Colin’s request is vaguer than Johnny’s in To The Moon, initially seeming contradictory. There’s a heavy focus on regret and how different people are affected by and deal with it. What begins as a tricky situation takes an unexpected path. Once you start getting a glimpse into Colin’s past, you understand where he’s coming from, the bedridden bunch of pixels becoming more and more humanized. Desires and limitations come into play allowing the story to step into an eerily personal territory. Then, events also touch on the nature of Dr. Rosalene and Dr. Watts’ work, furthering things in that direction ever so slightly. Of course, discovering these things by yourself is precisely what the game is about and in my five hour journey through Colin’s memories I found myself laughing, pondering and, just like with its predecessor, tearing up. It branches out into contemplative space giving, perhaps, slightly less attention to the emotional aspect of things, but not without telling a genuine, real story, that might even have a bit of wisdom to it.

Finding Paradise, Screenshot, PC, Review

Finding Paradise might not have as strong a musical piece as To The Moon’s “For River”, yet that doesn’t mean it’s much lesser of a game in the musical department. From relaxing soft chimes, touching interplay between piano and cellos to orchestral crescendos, variety is, without a doubt, there. More importantly, there is proper emphasizing of specific, relevant moments. Music does, indeed, play a role in Colin’s life and a handful of well-crafted, touching scenes are sure to remain with the player. The soundtrack can be playful when it’s required, it can be ominous, it can be gentle and it will most certainly call out to just stay there, staring at an almost static scene until certain tracks end.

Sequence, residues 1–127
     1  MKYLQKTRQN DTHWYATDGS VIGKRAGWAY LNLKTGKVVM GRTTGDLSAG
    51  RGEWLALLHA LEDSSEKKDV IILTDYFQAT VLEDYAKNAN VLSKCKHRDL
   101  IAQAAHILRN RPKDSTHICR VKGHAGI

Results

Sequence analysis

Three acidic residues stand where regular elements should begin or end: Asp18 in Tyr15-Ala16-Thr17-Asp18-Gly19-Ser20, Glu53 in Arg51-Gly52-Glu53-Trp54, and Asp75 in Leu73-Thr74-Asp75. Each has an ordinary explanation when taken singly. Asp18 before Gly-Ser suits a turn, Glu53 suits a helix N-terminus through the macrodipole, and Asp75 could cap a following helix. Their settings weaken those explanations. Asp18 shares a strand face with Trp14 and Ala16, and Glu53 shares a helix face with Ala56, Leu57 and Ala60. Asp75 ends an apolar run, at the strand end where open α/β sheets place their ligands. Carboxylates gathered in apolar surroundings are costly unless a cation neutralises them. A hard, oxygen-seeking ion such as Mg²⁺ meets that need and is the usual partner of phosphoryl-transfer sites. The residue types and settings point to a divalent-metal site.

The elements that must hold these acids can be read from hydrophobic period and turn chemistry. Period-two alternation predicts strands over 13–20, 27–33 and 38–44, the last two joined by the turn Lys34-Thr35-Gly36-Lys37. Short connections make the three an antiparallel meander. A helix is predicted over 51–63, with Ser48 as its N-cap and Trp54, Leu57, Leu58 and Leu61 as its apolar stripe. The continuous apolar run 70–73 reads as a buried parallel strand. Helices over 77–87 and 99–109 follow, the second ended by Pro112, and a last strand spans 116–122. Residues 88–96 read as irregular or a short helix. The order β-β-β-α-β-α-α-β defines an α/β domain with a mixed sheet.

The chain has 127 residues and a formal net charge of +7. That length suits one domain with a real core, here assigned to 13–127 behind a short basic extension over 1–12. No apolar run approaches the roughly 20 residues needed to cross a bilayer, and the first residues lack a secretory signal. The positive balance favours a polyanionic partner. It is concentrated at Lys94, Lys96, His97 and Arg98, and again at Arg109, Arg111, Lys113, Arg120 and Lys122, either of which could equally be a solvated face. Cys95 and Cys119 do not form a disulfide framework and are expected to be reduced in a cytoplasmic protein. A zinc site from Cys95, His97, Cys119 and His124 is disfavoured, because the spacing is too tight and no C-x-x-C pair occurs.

Finding Paradise tells a different story, never beating around the bush, nor attempting to rush anywhere. It’s there for as much as it needs to be, gently pulling in anyone experiencing it. Colin’s plot may be the main focus, however the two doctors get their fair share of dialogue as well. On top of being an emotional experience, Finding Paradise also steps into cerebral, contemplative territory. Despite attempting some variety, the gameplay and visuals don’t stand out too much. The great thing about it is that they don’t impede the narrative either, as I quickly found myself invested in and caring about the life story of a bunch of fairly standard-looking pixel sprites. It’s this brilliant mixture of wonderful music and touching narrative that made To The Moon a game I can recommend to anyone. It’s why I’ll do the same with Finding Paradise’s admittedly different, yet still powerful tale.

Bogdan Robert, NoobFeed
Facebook | Twitter

comments powered by Disqus


General Information

Platform(s): PC
Publisher(s): Freebird Games
Developer(s): Freebird Games
Genres: Point and click
Themes: Adventure
Release Date: 2017-12-14

View All

Popular Articles